Elemental Intervals (1986)

by William Freeland 1929–2009

Photo Caption: Photo Ashley Lippolis © 2023 for the Association for Public Art
  • Title

    Elemental Intervals

  • Artist

    William Freeland 1929–2009

  • Year

    1986

  • Location

    1001-1051 South Street

  • Medium

    Painted aluminum plate, bronze rod mesh, limestone, brick.

  • Dimensions

    Height 35'; width 27'

Commissioned by developer John Acciavatti through the Philadelphia Redevelopment Authority

At A Glance

  • A two-part wall sculpture in which cages of bronze mesh are filled with 4.5 tons of limestone rocks

  • Commissioned through the Redevelopment Authority’s Percent for Art program for a garage and retail complex on South Street

  • One of the first large-scale works by William Freeland, a Pennsylvania-based artist who taught at Moore College of Art and Design

  • Freeland collaborated with the architectural firm Lawrence Polillo Associates on the project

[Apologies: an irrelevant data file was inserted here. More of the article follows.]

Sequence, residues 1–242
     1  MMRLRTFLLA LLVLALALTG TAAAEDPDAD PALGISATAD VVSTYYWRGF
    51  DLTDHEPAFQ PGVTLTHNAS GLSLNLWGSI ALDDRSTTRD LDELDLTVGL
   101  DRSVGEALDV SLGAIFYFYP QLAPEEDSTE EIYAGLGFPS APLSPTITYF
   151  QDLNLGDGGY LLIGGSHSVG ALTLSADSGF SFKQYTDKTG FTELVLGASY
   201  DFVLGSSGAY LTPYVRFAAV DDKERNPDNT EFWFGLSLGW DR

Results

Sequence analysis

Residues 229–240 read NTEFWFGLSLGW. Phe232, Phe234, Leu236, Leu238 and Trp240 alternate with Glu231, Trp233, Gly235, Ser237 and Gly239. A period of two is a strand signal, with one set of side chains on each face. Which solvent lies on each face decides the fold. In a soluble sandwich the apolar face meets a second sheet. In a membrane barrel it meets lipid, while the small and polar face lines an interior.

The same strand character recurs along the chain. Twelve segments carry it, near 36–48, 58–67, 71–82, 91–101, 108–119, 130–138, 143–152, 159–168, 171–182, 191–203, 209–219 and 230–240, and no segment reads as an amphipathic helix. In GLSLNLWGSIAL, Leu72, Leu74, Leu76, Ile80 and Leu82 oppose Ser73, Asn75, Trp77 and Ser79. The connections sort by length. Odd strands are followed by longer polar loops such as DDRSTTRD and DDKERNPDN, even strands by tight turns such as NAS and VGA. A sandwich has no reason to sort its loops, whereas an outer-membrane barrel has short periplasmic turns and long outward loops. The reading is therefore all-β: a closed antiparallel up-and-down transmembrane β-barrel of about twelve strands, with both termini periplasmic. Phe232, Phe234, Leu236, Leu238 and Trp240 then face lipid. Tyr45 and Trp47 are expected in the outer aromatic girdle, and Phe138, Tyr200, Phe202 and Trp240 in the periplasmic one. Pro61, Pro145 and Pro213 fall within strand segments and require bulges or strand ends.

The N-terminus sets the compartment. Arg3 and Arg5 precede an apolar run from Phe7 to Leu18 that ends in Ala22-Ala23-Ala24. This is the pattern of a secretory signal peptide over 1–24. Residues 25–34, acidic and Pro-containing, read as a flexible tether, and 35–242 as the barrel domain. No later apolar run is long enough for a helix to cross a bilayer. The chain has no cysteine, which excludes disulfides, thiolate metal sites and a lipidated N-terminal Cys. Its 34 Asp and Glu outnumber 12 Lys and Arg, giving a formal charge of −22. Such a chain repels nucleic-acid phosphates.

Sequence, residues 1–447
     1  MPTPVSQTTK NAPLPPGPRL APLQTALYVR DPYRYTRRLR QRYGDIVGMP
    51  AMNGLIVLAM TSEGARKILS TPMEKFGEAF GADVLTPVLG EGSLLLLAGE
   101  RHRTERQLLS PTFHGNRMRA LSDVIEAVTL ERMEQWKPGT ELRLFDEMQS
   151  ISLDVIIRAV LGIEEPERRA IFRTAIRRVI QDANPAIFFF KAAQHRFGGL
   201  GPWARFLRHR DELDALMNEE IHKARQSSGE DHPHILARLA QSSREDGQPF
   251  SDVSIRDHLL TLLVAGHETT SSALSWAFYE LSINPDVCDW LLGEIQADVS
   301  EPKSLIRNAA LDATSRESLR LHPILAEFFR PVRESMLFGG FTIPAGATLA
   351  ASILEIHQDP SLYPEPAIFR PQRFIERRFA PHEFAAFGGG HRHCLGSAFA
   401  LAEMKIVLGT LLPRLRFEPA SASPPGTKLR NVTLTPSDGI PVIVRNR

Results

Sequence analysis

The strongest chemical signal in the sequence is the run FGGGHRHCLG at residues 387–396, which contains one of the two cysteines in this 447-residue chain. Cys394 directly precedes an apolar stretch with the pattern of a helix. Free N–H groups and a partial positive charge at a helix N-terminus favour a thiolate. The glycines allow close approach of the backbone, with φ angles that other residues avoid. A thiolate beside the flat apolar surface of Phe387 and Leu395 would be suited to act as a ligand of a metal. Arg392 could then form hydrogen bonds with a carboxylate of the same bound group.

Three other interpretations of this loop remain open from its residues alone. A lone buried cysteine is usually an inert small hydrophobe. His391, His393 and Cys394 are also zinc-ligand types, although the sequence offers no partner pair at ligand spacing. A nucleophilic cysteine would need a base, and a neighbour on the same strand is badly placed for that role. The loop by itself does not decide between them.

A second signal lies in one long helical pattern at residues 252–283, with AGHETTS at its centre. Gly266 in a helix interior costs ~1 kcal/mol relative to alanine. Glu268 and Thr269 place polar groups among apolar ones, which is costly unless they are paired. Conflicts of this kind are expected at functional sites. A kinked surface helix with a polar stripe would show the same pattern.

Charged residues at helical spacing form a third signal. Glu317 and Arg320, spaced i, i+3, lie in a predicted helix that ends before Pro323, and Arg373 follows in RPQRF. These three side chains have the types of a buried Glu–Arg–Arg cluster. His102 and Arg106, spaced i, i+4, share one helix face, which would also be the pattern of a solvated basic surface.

Elemental Intervals was one of Freeland’s first large-scale creations; he prefered to call it a “three-dimensional work” or “construction” rather than a “sculpture.”

For the block-long garage and retail complex on South Street, artist William Freeland was commissioned to work with the architectural firm of Lawrence Polillo Associates. In this Redevelopment Authority one percent project, the artist contributed to the overall facade design. Freeland conceived the areas of darker brick that form shadow-like stripes on the red brick wall, and for the central portion he created a two-part wall sculpture in which cages of bronze mesh are filled with 4.5 tons of limestone rocks. The lowest piece of stone in the mesh was brought from the town of Loreto Aprutino in Italy by the developer, John Acciavatti; it comes from the house where his father was born. Elemental Intervals was one of Freeland’s first large-scale creations; he prefered to call it a “three-dimensional work” or “construction” rather than a “sculpture.”

Photo Ashley Lippolis © 2023 for the Association for Public Art

In Philadelphia, Freeland taught for many years at Moore College of Art and Design, and was a graduate of the Philadelphia Museum School of Industrial Art (now the University of the Arts).

Adapted from Public Art in Philadelphia by Penny Balkin Bach (Temple University Press, Philadelphia, 1992).

 

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